NEW YORK — The Iconix Brand Group inked a deal to buy Joe Boxer on Friday for an undisclosed amount, while those close to the transaction said the brand will stay at Kmart and expand to Sears.

According to bankers who worked on the transaction, the deal is expected to be announced today. At the market close on Friday, shares of Iconix jumped 8.58 percent, hitting a 52-week high, to $8.73, up 69 cents.

Windsong/Allegiance Apparel Group, owned by the Sweedler family of Westport, Conn., purchased Joe Boxer from founder Nick Graham in 2001.

Billy Busko, a director at investment banking firm Financo Inc., which represented Windsong, said the purchase was a stock and cash transaction. Joe Boxer shareholders, namely the Sweedler family, will remain a part of the management team at Boxer and become part of the senior management team at Iconix. Following the transaction, the Sweedler family will become a significant shareholder of Iconix, according to Busko. The banker said founder Nick Graham, who had retained a small stake in the business when he sold it to Windsong, is no longer involved with the company.

Neil Cole, chief executive officer of Iconix, could not be reached for comment. As for Kmart, the exclusive distribution agreement Windsong signed with the discounter continues through the end of 2007.

According to Busko, Windsong “expects that the agreement will be renewed, and will be also expanded to include the Sears stores.”

Even though total sell-throughs of Joe Boxer product have decreased in the last few years, Busko said the decline was due in part to the closure of one-third of Kmart doors. He said, “Joe Boxer still has terrific brand equity at Kmart, which should increase with the Sears merger.”

The Kmart agreement is just for sales in the U.S., and Windsong had kept the right to license Joe Boxer overseas, one that now passes to Iconix.

According to Busko, Joe Boxer helps make Iconix the multidimensional licensing model of the future.

That model was structured in part by UCC Capital Corp., an investment bank headed by Robert D’Loren.

“I think this is just an example of the spectacular innovation that is going on at Iconix at the moment. Iconix really put together the new business model for an industry that is in its intermediation stage. The assets are good, but the way of the business in the industry has changed completely. [Iconix] is the right model for what’s happening in the apparel industry today,” D’Loren said.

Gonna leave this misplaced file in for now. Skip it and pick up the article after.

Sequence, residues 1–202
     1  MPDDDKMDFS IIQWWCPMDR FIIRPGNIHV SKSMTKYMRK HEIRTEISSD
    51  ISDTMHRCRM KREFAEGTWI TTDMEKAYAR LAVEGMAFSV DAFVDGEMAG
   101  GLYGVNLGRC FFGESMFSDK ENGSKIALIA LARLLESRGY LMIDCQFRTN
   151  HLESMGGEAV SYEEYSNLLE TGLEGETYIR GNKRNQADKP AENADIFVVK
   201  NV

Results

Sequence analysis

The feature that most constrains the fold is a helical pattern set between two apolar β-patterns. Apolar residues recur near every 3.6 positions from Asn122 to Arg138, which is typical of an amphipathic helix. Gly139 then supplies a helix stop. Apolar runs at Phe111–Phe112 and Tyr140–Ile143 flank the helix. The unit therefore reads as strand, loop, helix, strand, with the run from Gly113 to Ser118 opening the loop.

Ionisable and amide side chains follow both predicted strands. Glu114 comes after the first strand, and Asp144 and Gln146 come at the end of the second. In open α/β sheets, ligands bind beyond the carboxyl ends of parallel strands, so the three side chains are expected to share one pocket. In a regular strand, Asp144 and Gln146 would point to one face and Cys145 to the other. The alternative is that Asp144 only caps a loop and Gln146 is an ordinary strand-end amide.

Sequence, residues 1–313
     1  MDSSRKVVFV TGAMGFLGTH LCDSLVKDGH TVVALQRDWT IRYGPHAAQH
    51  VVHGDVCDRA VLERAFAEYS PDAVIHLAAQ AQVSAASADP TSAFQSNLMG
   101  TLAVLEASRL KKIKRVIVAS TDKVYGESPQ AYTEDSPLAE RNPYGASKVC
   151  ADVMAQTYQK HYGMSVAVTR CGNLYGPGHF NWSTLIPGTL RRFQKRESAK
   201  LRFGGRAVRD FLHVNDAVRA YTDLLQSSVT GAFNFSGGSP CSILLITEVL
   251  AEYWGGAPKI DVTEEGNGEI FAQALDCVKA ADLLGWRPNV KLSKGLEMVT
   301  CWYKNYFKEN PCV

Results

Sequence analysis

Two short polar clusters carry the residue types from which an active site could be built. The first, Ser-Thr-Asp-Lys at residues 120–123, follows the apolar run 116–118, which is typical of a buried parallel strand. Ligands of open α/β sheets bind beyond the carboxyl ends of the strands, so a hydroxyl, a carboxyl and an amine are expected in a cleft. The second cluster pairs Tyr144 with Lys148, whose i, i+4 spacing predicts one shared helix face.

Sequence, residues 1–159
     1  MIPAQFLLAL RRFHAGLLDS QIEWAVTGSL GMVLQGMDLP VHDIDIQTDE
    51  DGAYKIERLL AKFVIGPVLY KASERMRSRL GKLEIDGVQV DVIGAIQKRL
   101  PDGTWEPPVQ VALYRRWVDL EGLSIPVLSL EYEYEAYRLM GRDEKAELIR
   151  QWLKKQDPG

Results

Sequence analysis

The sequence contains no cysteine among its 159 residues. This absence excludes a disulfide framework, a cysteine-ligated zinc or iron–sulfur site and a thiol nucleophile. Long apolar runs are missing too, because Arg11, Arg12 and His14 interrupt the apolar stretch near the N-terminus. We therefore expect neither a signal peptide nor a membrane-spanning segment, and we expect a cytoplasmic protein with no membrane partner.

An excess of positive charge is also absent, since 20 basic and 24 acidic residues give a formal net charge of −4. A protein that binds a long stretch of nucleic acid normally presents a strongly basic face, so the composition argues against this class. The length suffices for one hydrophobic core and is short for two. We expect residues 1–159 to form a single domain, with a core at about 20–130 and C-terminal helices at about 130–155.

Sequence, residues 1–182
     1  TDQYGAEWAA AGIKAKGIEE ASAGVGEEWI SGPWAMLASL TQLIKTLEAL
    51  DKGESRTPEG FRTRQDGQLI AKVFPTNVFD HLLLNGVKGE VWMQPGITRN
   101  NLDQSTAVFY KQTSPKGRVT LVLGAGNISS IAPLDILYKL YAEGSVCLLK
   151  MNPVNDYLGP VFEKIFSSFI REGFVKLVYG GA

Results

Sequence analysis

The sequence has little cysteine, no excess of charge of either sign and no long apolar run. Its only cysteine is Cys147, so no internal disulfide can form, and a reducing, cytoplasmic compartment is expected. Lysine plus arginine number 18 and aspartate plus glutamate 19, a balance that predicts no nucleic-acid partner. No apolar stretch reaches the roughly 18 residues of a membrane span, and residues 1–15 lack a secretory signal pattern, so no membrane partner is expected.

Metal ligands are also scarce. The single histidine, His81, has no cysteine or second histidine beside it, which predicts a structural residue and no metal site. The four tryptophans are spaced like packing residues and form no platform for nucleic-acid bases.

This story first appeared in the July 25, 2005 issue of WWD. Subscribe Today.

D’Loren resigned from the Iconix board earlier this year after his firm signed a three-year strategic agreement as an adviser to the brand management firm. Under the terms of the deal, UCC provides merger and acquisition services, does the bond underwriting and gives strategic advice.

D’Loren declined to discuss the structure of the deal, but it is believed that the acquisition of the Joe Boxer trademarks will be funded through the issuance of bonds and stock.

Asset-backed securitization is a finance vehicle that’s a specialization of UCC Capital Corp. Fashion firms using this format finance loans backed by the income streams associated with their intellectual property, such as brand trademarks. However, the income stream also can come from other sources, such as the minimums guaranteed under licensing or retail franchising agreements, which then serve as collateral for the securitization.

Candie’s Inc., the former name of Iconix, was an early participant of an ABS transaction, which was structured by D’Loren’s firm in August 2002.